For the sake of creating a united racial nation, its important for all of us to come together to take control of our own economies. However, after talking to a few older cats that I look up to, I realized that my primary reason for not expanding my small enterprise was a lack of capital. I recognize that this is one of the main reasons most brothers and sisters with great business ideas are never able to manifest them. I discussed that fact with one of my mentors who told me to either find an angel investor or join a “cooperative”. I had never heard the word Cooperative in any of my business classes, so that prompted me to do some research and seek out African American Cooperatives (I found none, at least not online). As I dug deeper into what Cooperatives were, I realized that I had heard the principles of Cooperative Enterprise talked about by a few online black bloggers and in books like Black Wall Street.
I also asked myself questions like:
- How are people able to save up enough money to buy apartment buildings?
- How are individual investors able to purchase large shares of stock at one time?
- How are these people able to make major money moves without taking on debt?
The answer is Cooperatives. Ace Hardware, Jackson Electric, Floridas Natural Growers, and The Pentagon Federal Credit Union are all examples of people joining together to create an enterprise.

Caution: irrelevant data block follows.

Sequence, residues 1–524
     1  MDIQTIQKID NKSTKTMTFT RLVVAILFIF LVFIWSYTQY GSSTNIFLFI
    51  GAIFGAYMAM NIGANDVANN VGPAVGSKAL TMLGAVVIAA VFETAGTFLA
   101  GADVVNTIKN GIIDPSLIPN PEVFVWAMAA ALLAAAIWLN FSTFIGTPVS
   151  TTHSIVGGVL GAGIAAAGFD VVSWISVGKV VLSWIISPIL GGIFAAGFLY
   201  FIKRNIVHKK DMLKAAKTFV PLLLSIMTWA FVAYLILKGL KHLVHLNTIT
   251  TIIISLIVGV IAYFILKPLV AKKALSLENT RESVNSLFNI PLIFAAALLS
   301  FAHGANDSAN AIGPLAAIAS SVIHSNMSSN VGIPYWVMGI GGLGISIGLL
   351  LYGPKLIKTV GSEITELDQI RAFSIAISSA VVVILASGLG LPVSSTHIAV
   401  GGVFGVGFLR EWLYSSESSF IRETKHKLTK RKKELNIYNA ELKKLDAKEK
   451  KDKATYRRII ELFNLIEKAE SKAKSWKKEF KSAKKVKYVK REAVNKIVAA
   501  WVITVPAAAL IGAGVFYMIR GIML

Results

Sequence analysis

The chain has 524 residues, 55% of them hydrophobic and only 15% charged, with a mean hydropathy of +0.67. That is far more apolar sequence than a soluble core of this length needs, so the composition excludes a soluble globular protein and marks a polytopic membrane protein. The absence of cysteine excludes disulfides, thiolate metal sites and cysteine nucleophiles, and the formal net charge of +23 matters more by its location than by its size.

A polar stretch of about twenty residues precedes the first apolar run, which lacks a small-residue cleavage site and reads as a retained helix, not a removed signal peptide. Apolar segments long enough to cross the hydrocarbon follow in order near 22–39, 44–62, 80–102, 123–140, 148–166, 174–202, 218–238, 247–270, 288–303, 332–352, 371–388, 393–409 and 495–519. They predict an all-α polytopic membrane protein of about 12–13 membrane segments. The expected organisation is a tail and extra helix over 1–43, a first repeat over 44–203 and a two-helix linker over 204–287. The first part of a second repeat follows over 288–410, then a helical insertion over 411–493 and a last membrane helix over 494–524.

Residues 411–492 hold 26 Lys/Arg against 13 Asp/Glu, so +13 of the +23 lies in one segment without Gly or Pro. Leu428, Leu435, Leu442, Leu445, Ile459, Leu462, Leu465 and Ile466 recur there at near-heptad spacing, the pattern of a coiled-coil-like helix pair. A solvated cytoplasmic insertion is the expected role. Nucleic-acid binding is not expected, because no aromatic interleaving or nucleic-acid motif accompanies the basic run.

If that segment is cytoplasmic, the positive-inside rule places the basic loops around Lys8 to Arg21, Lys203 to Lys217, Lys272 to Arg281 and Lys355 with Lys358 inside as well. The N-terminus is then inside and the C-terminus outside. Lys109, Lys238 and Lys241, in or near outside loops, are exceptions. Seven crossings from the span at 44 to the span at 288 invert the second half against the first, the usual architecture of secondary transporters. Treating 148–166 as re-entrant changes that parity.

What is a Cooperative?
A Cooperative is the professional title for a group of people working together for mutual benefit. A cooperative business belongs to the people who use it – people who have organized to provide themselves with the goods and services they need, while making money at the same time. Member-owners meet regularly, present and hear reports on their business and investment activities, and hire General Managers to handle day-to-day affairs in their companies. Members invest in the businesses to provide capital for a strong and efficient operation, and once the businesses start making money, the profits are returned to co-op members. There are over 100 million people involved in 47,000 U.S. cooperatives that are in every sector of our economy.
Bottom Line: A Cooperative is a group of investors who pool their money, ideas, and education together to create enterprises that make them more money.
Tiger21 (an acronym for The Investment Group for Enhanced Results, 21st Century) is an insider group (aka a good ole boy network – I bet not a single Black man has been a member since the club’s inception!) for high net worth individuals. High net worth meaning you must have a net worth of $10 Million or more to be a member. These individuals attend private, day long gatherings where their investment portfolios are shared and dissected, business deals are made, and ideas are exchanged. Meetings begin with a World Update (to keep members aware of possible investing opportunities and threats), lunch consists of speakers from large investment firms who are called in to deliver presentations, and unmoderated group sessions wrap up the meeting. Tiger21 is probably the most influential, most productive, and least talked about Cooperative in America. What gives this group its power and influence is the fact that they are a group of people working together for mutual benefit.